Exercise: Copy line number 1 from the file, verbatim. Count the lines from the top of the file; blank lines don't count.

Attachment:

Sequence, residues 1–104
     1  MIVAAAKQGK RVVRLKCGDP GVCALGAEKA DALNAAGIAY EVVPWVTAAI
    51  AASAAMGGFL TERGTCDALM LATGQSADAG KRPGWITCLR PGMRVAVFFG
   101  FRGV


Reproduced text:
Sequence, residues 1–104